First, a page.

WASHINGTON (AP) - Republican John McCain has taken a modest lead over Barack Obama entering the final seven weeks of their presidential contest, buoyed by decisive advantages among suburban and working-class whites and a huge edge in how people rate each candidate's experience, a poll showed Friday.
McCain has had some success parrying his Democratic opponent's efforts to tie him to the deeply unpopular President Bush, according to the AP-GfK Poll of likely voters. Half say they believe the Arizona senator would chart a different path from Bush, including a slight majority of independents, a pivotal group of voters.
The survey has plenty of positive signs for Obama as well. The Illinois senator is generally doing about as well with whites as Democrat John Kerry did in his losing but close 2004 race against Bush. Obama has an 18-percentage-point lead over McCain among voters who look more to a contender's values and views than experience, and a modest advantage in the number of supporters who say they will definitely vote for their candidate.
Even so, the survey - conducted after both parties staged their conventions and picked their vice presidential candidates - conforms with others that have shown the Republicans grabbing the momentum after a summer in which Obama had steadily maintained a slim lead. According to the AP-GfK Poll, McCain leads Obama 48 percent to 44 percent.
"My heart sort of runs with McCain and my mind probably tends to run toward Obama," said David Scorup, 58, a county government official in Othello, Wash. "I think I resonate more with McCain."
Underscoring how tight the race remains, several swing groups who traditionally help decide presidential races remain about evenly divided between the two tickets. These include independents, married women and Catholics.
Seven in 10 said Alaska Gov. Sarah Palin made the right decision in becoming McCain's running mate, despite the demands of a family whose five children include a pregnant, unmarried teenage daughter and an infant with Down syndrome. Men were slightly likelier than women to back her choice, and even Obama supporters were split evenly over whether she did the right thing.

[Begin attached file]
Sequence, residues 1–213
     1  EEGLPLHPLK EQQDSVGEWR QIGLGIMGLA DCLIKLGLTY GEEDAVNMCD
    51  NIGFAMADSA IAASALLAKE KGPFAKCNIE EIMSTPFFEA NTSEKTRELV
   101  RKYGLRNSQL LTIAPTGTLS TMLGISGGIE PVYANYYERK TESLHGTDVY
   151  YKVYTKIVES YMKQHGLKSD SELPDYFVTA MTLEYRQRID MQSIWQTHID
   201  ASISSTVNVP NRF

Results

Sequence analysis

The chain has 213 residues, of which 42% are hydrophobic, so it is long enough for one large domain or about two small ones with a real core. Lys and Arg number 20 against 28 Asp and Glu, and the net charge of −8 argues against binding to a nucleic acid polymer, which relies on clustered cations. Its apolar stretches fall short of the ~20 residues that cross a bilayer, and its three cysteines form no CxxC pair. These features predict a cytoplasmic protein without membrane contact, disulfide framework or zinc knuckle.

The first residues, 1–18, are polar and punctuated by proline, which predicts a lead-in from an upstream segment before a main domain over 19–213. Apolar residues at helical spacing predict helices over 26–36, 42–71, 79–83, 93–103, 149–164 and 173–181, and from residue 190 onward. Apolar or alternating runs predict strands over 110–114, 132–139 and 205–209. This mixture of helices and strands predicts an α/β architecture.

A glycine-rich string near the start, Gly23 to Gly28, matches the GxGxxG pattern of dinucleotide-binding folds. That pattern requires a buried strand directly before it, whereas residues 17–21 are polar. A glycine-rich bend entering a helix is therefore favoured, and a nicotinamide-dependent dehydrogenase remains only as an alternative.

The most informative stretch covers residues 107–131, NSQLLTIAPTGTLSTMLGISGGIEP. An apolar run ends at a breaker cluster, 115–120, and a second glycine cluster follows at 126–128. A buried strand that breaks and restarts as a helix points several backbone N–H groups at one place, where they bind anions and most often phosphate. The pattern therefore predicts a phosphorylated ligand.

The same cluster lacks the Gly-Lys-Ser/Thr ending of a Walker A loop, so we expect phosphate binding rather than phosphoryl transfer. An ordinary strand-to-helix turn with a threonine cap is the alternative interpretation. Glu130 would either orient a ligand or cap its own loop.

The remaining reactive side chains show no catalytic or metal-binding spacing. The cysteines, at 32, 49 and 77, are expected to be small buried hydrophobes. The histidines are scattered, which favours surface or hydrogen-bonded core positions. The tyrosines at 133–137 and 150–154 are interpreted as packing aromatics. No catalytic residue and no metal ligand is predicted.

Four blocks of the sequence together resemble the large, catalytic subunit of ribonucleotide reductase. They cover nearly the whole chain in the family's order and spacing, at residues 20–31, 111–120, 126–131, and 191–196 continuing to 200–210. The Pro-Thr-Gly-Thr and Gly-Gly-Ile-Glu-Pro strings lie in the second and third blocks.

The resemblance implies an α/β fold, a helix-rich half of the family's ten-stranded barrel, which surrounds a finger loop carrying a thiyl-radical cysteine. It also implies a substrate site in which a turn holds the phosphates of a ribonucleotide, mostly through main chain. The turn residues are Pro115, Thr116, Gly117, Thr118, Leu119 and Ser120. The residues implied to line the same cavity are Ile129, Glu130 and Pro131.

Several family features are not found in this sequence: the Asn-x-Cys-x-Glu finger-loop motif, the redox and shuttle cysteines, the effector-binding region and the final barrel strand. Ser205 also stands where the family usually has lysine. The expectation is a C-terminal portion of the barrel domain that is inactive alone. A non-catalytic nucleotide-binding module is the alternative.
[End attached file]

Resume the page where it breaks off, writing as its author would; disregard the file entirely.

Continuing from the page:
"She was able to cope when she was governor of Alaska, so she must have great coping strategies," said Nancy Skinner, 58, a retiree and McCain supporter from Scottsbluff, Neb. She said Palin's decision to give birth to their youngest child, knowing he had Down syndrome, "shows she has compassion and is not afraid to face heartache and hard decisions."
McCain leads Obama by 55 percent to 37 percent among whites. That includes comfortable leads of 24 points with suburban whites and 26 points with whites who haven't finished college, and has similar advantages with white men and whites who are married.
He also leads by 23 points among rural voters and by 13 points with voters age 65 and over.
Obama leads 61 percent to 35 percent among voters under age 30. He has about a 5-to-1 edge with minorities and a narrow 5-point lead with women, though he trails among white women 53 percent to 40 percent.
Eighty percent say McCain, with nearly three decades in Congress, has the right experience to be president. Just 46 percent say Obama, now in his fourth year in the Senate, is experienced enough. Another 47 percent say Obama lacks the proper experience - an even worse reading than the 36 percent who had the same criticism about Palin, now in her second year as governor after serving as a small-town mayor in her state.
"This is his fourth year in the Senate, and two of those four years he spent campaigning for president," said Arthur Koch, 63, an undecided voter from Wallington, N.J. "I'm not too comfortable with that."
Asked to choose between a presidential candidate with solid experience and another whose values and views they support, two-thirds picked the latter. While those preferring experience overwhelmingly back McCain, people seeking agreement with a contender's values say they'll back Obama over McCain, 56 percent to 38 percent.
"I find his approach worth taking," Ron Long, 60, of Pella, Iowa, said of Obama, whom he supports. "I think the Bush-McCain legacy is you can solve problems by killing people."
Even so, McCain has a slight 9-point advantage when people were asked whether they had similar values and principles with the candidates, and an 8-point edge over whether they agreed with the contenders' stances on issues.
The AP-GfK Poll was conducted Sept. 5-10 and involved landline and cell phone interviews with 1,217 adults, including 812 considered likely voters. The margin of sampling error was plus or minus 2.8 percentage points for the entire sample and 3.4 points for likely voters.
Associated Press Director of Surveys Trevor Tompson, AP News Survey Specialist Dennis Junius and Associated Press writer Christine Simmons contributed to this report.